Empowering judicial scriveners as litigators in Japan: is it justifiable and of value?

Kay-Wah Chan, Takayuki Ii

Research output: Contribution to journalArticlepeer-review

1 Citation (Scopus)


In Japan, the quasi-legal profession of judicial scriveners (shihō-shoshi) traditionally prepared documents for litigants to file with courts but did not have the right to represent them in courts. As part of the justice system reform, from April 2003, shihō-shoshi who took an induction course, passed a certification examination and obtained the Justice Minister’s certification are permitted to represent litigants in Summary Court civil lawsuits. Such work used to be monopolised by the full-fledged legal profession of bengoshi. The reform aimed at enhancing the public’s accessibility to legal service. However, has the change really achieved this objective? Has the objective been attained by another change under the reform: a substantial expansion of the bengoshi population? To examine the justifiability and value of the expansion of shihō-shoshi’s permitted scope of practice, this paper empirically investigates the post-reform situation of the two professions, Summary Court civil litigation, and legal representation in such lawsuits.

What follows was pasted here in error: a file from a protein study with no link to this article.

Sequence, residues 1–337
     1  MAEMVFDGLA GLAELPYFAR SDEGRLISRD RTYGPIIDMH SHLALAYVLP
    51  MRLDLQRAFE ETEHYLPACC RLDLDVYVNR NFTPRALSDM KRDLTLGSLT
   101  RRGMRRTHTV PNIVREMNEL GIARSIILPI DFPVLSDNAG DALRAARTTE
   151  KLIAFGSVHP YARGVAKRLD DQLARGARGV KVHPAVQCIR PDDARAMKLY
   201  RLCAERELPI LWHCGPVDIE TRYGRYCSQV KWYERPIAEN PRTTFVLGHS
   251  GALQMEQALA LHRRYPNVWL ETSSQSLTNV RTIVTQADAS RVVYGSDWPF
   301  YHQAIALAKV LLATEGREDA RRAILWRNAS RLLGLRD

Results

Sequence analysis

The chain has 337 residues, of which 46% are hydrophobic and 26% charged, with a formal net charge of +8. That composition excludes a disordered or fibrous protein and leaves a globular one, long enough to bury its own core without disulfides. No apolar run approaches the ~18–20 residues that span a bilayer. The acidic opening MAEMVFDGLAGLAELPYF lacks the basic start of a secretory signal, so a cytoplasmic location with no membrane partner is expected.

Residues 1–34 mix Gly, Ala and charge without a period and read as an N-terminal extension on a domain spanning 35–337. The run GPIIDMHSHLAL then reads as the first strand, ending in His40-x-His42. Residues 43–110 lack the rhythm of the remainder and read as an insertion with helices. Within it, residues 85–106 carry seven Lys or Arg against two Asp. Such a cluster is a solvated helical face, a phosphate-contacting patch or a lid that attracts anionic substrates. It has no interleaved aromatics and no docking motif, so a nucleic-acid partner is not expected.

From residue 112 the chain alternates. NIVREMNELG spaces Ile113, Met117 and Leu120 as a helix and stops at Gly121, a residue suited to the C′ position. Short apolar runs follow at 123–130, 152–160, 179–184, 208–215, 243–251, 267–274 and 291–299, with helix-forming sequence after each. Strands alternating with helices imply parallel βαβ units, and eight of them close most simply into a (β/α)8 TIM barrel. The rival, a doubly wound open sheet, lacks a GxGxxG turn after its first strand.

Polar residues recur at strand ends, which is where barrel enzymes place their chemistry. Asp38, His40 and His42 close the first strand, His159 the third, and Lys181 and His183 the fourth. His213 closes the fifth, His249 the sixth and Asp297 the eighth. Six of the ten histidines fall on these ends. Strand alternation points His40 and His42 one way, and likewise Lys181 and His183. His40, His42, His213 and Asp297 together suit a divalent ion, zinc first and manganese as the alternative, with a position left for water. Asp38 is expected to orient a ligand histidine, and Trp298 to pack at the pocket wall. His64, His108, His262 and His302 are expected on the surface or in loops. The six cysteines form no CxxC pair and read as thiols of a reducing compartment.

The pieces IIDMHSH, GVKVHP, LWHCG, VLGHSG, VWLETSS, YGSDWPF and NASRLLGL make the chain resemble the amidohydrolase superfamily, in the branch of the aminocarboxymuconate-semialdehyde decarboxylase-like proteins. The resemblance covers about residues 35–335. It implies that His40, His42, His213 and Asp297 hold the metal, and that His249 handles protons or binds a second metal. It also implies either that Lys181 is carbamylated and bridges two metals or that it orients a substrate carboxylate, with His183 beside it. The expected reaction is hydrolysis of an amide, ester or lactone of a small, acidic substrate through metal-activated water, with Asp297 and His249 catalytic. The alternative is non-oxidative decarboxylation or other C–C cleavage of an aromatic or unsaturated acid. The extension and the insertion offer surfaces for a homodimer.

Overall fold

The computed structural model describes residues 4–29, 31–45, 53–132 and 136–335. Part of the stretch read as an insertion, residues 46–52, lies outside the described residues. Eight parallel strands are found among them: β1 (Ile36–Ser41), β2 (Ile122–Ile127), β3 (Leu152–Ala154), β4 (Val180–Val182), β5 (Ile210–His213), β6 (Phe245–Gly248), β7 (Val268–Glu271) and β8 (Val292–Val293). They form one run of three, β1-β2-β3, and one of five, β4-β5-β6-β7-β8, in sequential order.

Original languageEnglish
Pages (from-to)181-207
Number of pages27
JournalInternational Journal of the Legal Profession
Issue number2
Early online date23 Mar 2020
Publication statusPublished - 4 May 2022


  • legal market
  • quasi-legal profession
  • lawyer
  • Japan


Dive into the research topics of 'Empowering judicial scriveners as litigators in Japan: is it justifiable and of value?'. Together they form a unique fingerprint.

Cite this